Altadena Urban Farmers Market: This Sunday, Maybe No Longer
Felicia Friesema Tomato and garlic jams at the Altadena Urban Farmers Market
So what is the best farmers market in L.A.? The answer depends on what's most important to you in a market: variety, number of organic vendors, quality of the bakers, sense of community, distance the farms have to travel to get there, available parking, etc. But since October of last year, we've had to throw in a mention of the Altadena Urban Farmers Market (AUFM), which will hold its sixth and possibly last event this Sunday, if it can't navigate a monthly permitting process with Los Angeles County.
Felicia Friesema The Altadena Urban Farmers Market back in February.
The brainchild of Mariposa Creamery owners Gloria Putnam and Stephen Rudicel (also owner of The Press in Claremont), and in partnership with the Arroyo Time Bank, the AUFM is a small but incredibly vibrant underground market, with completely local vendor offerings set on the grounds of the Zane Grey Estate just south of the mountains above Altadena.
Most called it "underground" because, up until recently, they've been running without any official kind of permit, and in order to enter the private estate, you had to sign a release-type membership form: The vendors within were home growers, makers, and in some cases not-fully-official businesses. But it was hardly a secret. Which might be why they inevitably got a call from L.A. County.
After two months of phone calls, meetings, and paperwork, Rudicel and Putnam managed to secure a permit for the May event. "[The county] has been nothing but helpful," said Putnam. "They seemed to get what we were doing and walked us through all the paces of making this okay." As to whether there will be another AUFM after May, neither Rudicel or Putnam know for sure. "This may have been just a really great, but short-lived idea," says Rudicel. "But we're hoping to keep it as a monthly event."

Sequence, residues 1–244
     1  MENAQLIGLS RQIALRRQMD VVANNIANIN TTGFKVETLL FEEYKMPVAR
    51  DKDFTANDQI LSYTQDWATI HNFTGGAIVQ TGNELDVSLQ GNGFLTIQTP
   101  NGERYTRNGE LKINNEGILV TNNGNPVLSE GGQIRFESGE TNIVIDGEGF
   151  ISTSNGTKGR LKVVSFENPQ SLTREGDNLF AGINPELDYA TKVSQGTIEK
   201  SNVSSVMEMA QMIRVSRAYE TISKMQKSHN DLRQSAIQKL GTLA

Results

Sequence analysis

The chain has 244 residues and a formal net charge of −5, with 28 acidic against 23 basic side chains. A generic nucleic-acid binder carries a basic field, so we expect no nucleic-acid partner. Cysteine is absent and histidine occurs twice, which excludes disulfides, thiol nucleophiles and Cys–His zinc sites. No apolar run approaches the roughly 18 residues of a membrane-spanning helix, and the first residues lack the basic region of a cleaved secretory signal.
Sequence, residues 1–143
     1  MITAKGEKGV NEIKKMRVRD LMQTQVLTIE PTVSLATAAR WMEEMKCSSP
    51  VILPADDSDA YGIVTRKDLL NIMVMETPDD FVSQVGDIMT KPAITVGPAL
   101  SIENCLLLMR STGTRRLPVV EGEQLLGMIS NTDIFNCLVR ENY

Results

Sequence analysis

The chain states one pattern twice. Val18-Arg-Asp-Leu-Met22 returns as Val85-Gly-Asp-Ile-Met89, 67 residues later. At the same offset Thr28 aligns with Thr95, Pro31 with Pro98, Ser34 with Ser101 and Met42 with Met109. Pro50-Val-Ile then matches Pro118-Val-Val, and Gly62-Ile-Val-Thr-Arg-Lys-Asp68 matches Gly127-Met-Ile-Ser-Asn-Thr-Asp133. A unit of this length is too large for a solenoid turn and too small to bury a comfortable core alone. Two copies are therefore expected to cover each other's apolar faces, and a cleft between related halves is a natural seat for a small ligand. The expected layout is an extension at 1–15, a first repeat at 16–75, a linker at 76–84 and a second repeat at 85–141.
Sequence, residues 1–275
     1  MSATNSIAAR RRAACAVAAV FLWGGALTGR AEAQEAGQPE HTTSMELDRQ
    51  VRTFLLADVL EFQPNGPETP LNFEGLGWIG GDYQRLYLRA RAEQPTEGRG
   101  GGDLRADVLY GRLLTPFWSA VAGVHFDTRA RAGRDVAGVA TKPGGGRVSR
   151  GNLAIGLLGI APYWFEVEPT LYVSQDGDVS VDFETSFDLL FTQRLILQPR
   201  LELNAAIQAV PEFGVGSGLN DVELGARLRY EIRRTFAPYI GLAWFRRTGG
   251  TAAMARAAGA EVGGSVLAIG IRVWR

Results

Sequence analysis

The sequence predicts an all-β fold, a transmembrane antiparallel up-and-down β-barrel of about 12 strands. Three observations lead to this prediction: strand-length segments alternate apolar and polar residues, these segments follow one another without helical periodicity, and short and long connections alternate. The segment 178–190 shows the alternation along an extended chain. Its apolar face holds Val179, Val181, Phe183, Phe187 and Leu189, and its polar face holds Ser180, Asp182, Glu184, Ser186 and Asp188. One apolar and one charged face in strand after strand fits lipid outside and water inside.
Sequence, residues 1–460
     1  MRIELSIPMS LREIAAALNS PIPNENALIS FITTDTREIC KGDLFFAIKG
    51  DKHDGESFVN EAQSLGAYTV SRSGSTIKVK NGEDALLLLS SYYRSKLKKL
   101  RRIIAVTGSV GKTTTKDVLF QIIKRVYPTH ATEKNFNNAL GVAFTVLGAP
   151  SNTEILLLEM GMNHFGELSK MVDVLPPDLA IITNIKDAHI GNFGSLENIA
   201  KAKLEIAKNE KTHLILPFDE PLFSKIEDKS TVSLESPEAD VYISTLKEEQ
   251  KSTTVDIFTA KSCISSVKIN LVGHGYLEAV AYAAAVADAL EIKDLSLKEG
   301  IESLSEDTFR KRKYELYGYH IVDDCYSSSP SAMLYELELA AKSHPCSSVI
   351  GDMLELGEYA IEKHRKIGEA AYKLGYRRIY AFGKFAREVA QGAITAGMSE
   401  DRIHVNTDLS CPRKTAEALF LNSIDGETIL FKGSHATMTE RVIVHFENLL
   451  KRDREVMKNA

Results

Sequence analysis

The idea was to create a truly community-centric farmers market that allowed the many home artisanal craftspeople and urban homesteaders in their milieu to sell their products to neighbors and potentially new customers. Coffee is served in cozy brown ceramic mugs (which you are asked to bring back after you've finished strolling the grounds), and samples are offered everywhere.
At past markets, we really enjoyed the dark Jacaranda honey from a local Sierra Madre apiary, the cookbook swap, the seasoned potter at his wheel, the selection of sourdough bread starters, and of course, Mariposa's goats, which turn the troubling 'petting zoo' concept sometimes seen at street fairs and other markets, into a bonafide educational opportunity. In fact, Rudicel plans to teach a cheesemaking class this Sunday as part of the new AUFM Market University, which will be holding classes every 30-minutes on such topics as Beyond the Victory Garden; DIY Cleaners and Toiletries; Artisanal Bread Baking; and The New Craft Pantry: Homemade Condiments and Extracts. Visitors can also expect a plethora of edible heirloom seedlings, homegrown harvests (now that the Pasadena-area quarantine is lifted), really local eggs, and baby goats (not for sale), which were born just a couple of weeks ago.
The Altadena Urban Farmers Market, Sunday, May 29th, 1:00pm - 4:00pm, Zane Grey Estate, 396 E Mariposa Street, Altadena. More information is available at www.facebook.com/AltadenaUrbanFarmersMarket.
Felicia Friesema The region's only Jacaranda honey. Felicia Friesema